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“The Town”
a review by Darby O’Gill

It looks like Oscar season is officially upon us, and Ben Affleck is more than ready to prove that Gone Baby Gone wasn’t just a one time fluke. With The Town, he not only proves his point, but also manages to somehow make an even better movie at the same time, which is an impressive feat since he added actor to his already long list of duties on this film. I will admit that I’m not the biggest Ben Affleck fan. And, I have made my fair share of jokes about him writing, or lack there of on Good Will Hunting. But, I must say he’s proving himself to be one heck of a director. Gone Baby Gone was a nice simple story with some outstanding performances, but The Town is stepping it up in more ways than one. Once again set in the gritty real world of a Boston borough, bank robber Doug MacRay (Ben Affleck), a second generation criminal, finds himself capturing a glimpse at an honest life; ironically thanks to the help of his last victim. In an uncharacteristic move, Doug’s team takes a young bank manager, played by Rebecca Hall, hostage, only to release her moments after their getaway. It’s not until later that they find out that she’s a local, living in their neighborhood, and might just possibly be able to identify them after the fact. The hot tempered and violent member of the group, brilliantly played by Jeremy Renner, would like to just simply kill her. But, Doug wants to see if she knows anything first, and puts himself in a position to befriend her. As you can guess this is where things get complicated. Unlike Gone Baby Gone, the story this time around is much more multi-layered. There are multiple relationships being explored here, as well as some fantastic action sequences, which is an impressive addition to Affleck’s directing résumé. The movie also has an outstanding performance from Blake Lively, as a drugged out ex-girlfriend of Doug’s. I wouldn’t be surprised to see an Oscar nomination come her way for this role. I wasn’t familiar with her work on Gossip Girl, but when I found out that that was her in this movie, I was blown away. Some might say it’s a little heavy handed, but I think Affleck has a real knack for getting these gritty performances from his actors. To top the whole thing off, we also get one hell of a finale, as Doug and his crew attempt to pull off one last job, and steal from the cathedral of Boston itself, Fenway Park. I’ve got to tell ya, I grew up just outside of Boston, and have been to a many a game in that beloved park, and this was definitely a highlight for me. To see a heist movie sequence shot in the actual substructure of Fenway was amazing! I can only imagine that it was a dream come true for Affleck to shoot as well. I really can’t wait to see the behind the scenes footage of that shoot, on the DVD. I never thought I’d be saying this… But, Ben Affleck is proving to be one hell of a director.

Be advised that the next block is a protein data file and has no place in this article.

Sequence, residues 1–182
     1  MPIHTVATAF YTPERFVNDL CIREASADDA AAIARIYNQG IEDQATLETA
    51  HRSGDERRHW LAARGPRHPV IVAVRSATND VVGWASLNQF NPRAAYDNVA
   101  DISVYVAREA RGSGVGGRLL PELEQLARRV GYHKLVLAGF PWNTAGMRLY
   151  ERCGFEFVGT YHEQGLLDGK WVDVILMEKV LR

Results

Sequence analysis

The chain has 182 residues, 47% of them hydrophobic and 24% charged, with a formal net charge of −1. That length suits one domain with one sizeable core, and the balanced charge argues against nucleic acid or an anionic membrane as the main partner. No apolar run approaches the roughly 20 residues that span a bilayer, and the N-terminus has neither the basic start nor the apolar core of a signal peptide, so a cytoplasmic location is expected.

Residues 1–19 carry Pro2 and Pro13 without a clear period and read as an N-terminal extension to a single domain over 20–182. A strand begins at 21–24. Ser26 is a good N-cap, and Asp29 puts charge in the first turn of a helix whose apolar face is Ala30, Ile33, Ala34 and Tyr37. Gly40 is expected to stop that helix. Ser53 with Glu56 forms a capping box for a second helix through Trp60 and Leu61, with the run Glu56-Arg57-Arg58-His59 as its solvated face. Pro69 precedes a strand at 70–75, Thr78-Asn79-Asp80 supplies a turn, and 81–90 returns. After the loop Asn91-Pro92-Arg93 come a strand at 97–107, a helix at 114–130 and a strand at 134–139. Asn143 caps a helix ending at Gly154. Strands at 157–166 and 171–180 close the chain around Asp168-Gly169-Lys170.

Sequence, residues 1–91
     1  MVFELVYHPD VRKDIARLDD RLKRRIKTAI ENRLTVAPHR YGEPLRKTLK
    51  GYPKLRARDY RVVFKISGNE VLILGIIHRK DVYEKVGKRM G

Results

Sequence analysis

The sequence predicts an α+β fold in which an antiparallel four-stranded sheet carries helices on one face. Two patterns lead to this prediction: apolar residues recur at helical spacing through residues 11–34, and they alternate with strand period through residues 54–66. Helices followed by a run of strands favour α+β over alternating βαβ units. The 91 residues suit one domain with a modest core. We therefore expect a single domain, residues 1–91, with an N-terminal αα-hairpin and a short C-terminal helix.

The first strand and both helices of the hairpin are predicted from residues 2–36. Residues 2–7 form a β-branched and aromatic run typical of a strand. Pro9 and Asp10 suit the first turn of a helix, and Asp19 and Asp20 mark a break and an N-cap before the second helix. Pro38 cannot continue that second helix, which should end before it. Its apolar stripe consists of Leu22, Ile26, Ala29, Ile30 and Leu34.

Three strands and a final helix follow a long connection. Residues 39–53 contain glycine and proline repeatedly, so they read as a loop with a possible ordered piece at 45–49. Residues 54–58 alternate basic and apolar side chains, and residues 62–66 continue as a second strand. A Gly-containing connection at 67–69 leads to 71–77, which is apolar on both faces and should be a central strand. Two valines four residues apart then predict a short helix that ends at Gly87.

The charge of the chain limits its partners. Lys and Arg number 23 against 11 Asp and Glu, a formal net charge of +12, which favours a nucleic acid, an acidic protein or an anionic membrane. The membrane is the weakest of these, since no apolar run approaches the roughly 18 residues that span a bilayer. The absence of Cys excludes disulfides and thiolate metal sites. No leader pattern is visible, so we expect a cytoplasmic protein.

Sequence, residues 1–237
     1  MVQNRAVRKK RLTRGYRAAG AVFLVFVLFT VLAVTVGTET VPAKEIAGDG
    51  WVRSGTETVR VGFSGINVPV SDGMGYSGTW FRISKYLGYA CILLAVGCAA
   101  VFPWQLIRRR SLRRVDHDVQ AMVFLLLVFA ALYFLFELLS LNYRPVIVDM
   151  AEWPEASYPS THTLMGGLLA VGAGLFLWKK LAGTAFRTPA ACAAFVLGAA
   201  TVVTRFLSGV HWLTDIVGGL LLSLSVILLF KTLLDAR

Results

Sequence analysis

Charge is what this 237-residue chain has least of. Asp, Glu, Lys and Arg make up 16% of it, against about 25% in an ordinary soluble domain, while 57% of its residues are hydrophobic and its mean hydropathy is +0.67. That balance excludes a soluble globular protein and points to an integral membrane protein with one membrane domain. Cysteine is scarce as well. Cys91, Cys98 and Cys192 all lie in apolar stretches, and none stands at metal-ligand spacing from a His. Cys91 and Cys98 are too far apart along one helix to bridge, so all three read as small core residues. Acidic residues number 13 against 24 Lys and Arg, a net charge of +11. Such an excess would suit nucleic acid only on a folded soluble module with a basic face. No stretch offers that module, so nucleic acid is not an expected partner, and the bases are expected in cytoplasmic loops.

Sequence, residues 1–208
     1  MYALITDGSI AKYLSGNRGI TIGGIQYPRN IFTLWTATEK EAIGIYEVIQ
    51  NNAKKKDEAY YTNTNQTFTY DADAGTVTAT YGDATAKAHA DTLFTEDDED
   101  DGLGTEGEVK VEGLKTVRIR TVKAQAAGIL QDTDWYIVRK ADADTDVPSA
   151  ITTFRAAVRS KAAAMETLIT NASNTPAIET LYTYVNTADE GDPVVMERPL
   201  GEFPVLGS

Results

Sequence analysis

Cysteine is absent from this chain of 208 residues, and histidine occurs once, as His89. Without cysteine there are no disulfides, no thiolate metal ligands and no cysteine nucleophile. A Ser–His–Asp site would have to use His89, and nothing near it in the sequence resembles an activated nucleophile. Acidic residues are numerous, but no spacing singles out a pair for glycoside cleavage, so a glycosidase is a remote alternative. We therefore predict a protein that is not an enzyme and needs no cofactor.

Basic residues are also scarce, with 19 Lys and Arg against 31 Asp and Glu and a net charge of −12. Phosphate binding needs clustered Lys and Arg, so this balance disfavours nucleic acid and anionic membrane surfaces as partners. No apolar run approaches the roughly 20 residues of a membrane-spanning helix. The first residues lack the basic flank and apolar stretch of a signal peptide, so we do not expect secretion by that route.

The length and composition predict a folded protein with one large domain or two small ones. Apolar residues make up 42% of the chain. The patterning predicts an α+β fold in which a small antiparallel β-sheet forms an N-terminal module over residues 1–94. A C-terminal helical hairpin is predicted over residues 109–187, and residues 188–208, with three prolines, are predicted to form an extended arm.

Rating:


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“Dollhouse” Season 1
a review by Darby O’Gill

What if you could do anything, be anyone, and nothing you did ever had any consequence? Take one part Quantum Leap, one part Charlie’s Angels, add a truck load of Joss Whedon’s imagination, and you’ve got one hell of a show. If you missed the first season of Dollhouse, you’re in luck because the DVD is out now, and it’s time for you to play catch up. A few of my friends tuned out after episode three, but as I told them, you really need to hang in there till episode six. Episodes one through five are basically stand-alone episodes, to please the network I would imagine, but episode six is a real game changer and is truly where the series shows it’s full potential.